Thirty people who formerly lived on the street will be employed through a local social enterprise designed to transition people who have experienced homelessness into the workforce.
The Rotary Centre for the Arts played host to PEOPLE Employment Services on the evening of July 7 in celebration of the 30 workers who will be contracted to work for the City of Kelowna, among other partnering businesses and organizations.
“We are working with individuals that have faced systemic barriers but are incredibly personally resilient,” said Erin Welk, PEOPLE director. “Starting a program where we can demonstrate that these individuals are really important and powerful members of the community is something that we are really passionate about doing.”
“I’ve always had that working drive, but it comes to a point in one’s life where you can only take so much s—t before you lose it,” said Harold Smoke, one of the members on the PEOPLE cohort and the Lived Experience Circle on Homelessness (LECoH). “Once I started learning what (PEOPLE) was about … it really just changed my whole perspective on everything, really.”
PEOPLE Employment Services started in January 2019 as a program under the umbrella of Urban Matters, a social enterprise that “helps communities deliver tangible solutions so that people can live happier and healthier lives,” according to their website. Early next year, Welk said PEOPLE will be its own organization in the new year.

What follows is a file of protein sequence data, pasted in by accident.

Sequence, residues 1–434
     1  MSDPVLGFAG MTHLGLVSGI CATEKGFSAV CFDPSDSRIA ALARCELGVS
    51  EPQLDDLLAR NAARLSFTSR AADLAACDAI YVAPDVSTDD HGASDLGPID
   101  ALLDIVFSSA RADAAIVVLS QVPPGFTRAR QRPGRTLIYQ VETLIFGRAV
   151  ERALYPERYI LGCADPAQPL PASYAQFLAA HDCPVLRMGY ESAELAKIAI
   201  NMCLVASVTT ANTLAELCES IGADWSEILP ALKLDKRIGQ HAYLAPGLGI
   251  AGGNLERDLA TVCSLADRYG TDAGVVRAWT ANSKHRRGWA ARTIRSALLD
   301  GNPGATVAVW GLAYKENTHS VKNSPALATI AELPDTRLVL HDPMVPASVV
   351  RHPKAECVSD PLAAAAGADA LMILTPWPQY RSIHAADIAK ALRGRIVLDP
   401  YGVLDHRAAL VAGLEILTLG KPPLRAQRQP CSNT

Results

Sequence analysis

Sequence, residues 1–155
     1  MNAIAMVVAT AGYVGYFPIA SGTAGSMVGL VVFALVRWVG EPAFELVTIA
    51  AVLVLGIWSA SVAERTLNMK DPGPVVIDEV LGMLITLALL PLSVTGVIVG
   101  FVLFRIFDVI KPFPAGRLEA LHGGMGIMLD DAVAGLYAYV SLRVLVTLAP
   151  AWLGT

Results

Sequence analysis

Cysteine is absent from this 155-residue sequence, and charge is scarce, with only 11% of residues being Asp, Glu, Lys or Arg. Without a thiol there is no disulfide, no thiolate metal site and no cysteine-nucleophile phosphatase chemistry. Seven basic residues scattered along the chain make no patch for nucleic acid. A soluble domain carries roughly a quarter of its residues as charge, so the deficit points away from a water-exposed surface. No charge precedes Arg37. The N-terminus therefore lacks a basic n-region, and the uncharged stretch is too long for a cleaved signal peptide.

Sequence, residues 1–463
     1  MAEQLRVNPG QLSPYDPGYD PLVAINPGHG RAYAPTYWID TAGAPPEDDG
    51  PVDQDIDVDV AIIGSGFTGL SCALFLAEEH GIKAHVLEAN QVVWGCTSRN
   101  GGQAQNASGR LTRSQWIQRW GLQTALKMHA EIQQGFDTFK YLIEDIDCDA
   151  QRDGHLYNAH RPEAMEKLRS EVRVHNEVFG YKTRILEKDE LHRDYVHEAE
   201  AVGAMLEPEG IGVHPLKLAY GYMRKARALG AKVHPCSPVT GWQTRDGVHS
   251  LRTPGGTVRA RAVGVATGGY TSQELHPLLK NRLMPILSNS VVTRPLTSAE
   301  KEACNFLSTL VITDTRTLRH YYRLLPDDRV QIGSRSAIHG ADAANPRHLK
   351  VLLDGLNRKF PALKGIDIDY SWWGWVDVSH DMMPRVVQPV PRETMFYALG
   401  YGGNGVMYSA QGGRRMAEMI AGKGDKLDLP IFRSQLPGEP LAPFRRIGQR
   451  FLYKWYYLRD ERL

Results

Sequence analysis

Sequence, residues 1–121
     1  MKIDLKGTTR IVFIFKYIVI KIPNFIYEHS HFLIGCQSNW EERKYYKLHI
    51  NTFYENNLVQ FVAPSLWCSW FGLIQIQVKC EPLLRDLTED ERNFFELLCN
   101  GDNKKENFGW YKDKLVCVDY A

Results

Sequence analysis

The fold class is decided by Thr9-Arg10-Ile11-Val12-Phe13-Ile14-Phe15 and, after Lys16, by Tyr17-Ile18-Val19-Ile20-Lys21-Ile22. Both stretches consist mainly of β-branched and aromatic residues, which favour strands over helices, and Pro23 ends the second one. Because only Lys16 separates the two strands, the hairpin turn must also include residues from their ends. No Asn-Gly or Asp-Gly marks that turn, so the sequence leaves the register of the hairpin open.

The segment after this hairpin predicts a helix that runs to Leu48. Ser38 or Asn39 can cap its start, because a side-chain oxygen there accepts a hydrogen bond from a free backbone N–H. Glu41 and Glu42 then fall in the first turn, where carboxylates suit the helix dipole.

“The idea came from (LECOH),” said Welk in regards to PEOPLE’s pragmatic solution-based program and relationship with Journey Home.
The students of PEOPLE go through training modules that teach them about culture, social strategies and financial literacy to prepare them for the workplace.
Once they finish the modules and graduate the program, PEOPLE provides a no-risk service to their contractors by supplying support systems to help the workers succeed at their new job and also by taking on the financial risks by managing income and contracts. No business is hiring graduates directly.
“(We have deliverables) in our contract,” said Welk. “(Partner businesses are) paying us to do that and we are paying the individuals for their work.”
“I realized that I was scared to get back into the workforce … this particular program kind of gave me that little confidence boost; the people are so supportive,” said Wanda MacKinnon, Kelowna resident and PEOPLE graduate. “I thought, ‘No. I can still work.’”
Welk said PEOPLE is in the process of finalizing details for the 2020 cohort and will aim to recruit 20 to 25 individuals with lived experience in homelessness.
To learn more, visit their website at www.peopleemploymentservices.com.